Students explore the relationship between caribou and culture through multi-media presentations, games, caribou fur, antlers, hooves and skulls. They learn the delicate balance between population and habitat and the role of predators in herd health. Caribou have been an important resource for Alaskan Natives for many thousands of years and students will have the opportunity to view the ingenious use of antlers, furs and internal organs in the fabrication of clothing and tools in the world-class exhibits of the Morris Thompson Cultural and Visitors Center. Length of program: 45 minutes.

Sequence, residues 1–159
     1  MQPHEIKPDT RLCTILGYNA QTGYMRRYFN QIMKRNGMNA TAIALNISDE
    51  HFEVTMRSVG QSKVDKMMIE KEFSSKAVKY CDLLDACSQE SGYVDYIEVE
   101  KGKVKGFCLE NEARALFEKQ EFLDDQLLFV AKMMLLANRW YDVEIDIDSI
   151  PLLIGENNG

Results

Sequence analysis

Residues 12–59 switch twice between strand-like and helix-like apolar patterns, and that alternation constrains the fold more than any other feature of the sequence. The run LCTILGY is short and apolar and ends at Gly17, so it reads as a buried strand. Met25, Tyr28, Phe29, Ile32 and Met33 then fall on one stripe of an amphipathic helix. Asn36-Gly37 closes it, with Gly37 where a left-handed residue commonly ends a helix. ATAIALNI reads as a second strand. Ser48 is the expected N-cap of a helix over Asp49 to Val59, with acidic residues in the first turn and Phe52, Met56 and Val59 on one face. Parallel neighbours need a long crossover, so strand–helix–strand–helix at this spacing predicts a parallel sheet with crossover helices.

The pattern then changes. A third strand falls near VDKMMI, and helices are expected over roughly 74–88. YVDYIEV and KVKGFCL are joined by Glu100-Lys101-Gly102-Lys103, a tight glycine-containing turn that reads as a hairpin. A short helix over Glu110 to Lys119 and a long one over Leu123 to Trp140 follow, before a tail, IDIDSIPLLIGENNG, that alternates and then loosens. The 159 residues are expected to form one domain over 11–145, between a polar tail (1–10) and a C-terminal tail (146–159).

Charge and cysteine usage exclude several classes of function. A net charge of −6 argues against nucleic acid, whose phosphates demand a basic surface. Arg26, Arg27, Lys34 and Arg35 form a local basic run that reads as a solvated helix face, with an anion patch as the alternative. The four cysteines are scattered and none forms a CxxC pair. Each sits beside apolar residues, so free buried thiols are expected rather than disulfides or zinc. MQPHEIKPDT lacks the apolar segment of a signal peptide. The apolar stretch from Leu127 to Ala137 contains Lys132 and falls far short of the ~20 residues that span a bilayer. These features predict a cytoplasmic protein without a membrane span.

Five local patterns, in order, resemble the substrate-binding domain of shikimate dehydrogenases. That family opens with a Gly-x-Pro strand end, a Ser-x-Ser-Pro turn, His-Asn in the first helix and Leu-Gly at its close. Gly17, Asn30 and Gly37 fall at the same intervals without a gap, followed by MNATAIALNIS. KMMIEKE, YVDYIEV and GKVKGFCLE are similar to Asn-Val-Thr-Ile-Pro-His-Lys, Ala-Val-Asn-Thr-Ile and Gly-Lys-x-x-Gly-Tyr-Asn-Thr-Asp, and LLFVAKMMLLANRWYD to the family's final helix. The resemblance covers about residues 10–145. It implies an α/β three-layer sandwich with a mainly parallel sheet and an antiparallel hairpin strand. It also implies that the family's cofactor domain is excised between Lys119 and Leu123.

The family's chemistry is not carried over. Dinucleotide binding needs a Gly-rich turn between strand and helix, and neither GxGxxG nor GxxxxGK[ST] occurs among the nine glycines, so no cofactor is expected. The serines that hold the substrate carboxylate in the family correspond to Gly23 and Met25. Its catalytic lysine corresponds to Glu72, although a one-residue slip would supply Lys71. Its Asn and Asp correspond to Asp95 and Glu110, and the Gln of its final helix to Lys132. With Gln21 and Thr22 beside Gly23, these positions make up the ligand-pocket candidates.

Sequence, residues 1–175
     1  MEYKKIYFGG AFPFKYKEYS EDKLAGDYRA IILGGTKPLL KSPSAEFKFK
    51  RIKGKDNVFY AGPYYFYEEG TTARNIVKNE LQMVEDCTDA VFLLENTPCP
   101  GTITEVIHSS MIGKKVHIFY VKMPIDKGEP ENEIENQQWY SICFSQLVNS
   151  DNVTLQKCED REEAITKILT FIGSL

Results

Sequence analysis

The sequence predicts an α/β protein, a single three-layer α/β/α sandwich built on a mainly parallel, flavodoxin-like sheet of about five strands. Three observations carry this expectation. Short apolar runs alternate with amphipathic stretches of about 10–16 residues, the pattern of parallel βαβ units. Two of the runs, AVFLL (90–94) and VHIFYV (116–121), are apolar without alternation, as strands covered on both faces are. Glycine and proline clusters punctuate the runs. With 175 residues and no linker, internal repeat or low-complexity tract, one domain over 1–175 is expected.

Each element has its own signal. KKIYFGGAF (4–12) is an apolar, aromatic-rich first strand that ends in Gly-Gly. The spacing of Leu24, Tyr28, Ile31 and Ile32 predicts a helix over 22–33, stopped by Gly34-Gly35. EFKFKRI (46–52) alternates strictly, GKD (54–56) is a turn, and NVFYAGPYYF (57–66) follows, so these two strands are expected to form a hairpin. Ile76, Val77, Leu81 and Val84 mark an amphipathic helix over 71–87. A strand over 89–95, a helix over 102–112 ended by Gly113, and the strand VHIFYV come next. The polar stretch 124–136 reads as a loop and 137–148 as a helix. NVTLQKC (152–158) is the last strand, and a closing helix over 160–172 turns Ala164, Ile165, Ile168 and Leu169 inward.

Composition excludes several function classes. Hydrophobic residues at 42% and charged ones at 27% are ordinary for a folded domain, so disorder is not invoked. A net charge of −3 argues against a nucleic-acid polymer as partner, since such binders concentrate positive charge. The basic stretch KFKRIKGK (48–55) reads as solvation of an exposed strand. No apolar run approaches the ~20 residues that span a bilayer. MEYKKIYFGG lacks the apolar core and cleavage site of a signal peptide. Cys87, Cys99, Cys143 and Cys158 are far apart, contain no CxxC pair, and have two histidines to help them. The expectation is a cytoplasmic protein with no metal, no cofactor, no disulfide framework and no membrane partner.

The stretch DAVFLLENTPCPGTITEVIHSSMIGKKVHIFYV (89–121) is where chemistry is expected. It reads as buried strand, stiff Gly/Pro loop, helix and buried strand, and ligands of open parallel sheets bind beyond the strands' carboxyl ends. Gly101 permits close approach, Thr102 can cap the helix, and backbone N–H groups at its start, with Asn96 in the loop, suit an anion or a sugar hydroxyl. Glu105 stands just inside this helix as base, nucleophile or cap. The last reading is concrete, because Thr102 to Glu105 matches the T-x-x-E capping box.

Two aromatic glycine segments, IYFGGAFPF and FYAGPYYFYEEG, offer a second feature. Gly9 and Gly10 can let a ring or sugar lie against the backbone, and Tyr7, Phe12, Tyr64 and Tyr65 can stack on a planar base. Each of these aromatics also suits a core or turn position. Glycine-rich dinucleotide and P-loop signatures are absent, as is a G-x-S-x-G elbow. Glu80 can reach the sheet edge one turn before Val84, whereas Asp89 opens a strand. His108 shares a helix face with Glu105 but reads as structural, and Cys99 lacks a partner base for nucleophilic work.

Teachers may choose from an array of age-appropriate “I Spy” scavenger hunts that guide students' visit to the exhibits. Teachers may also schedule a film to complement their field trip (dependent on theater availability).
- Biology: Animals, Social Studies
- caribou, adaptations, arctic, Athabascan, alaska, Native Alaskans, Morris Thompson Cultural and Visitors Center
- Field Trips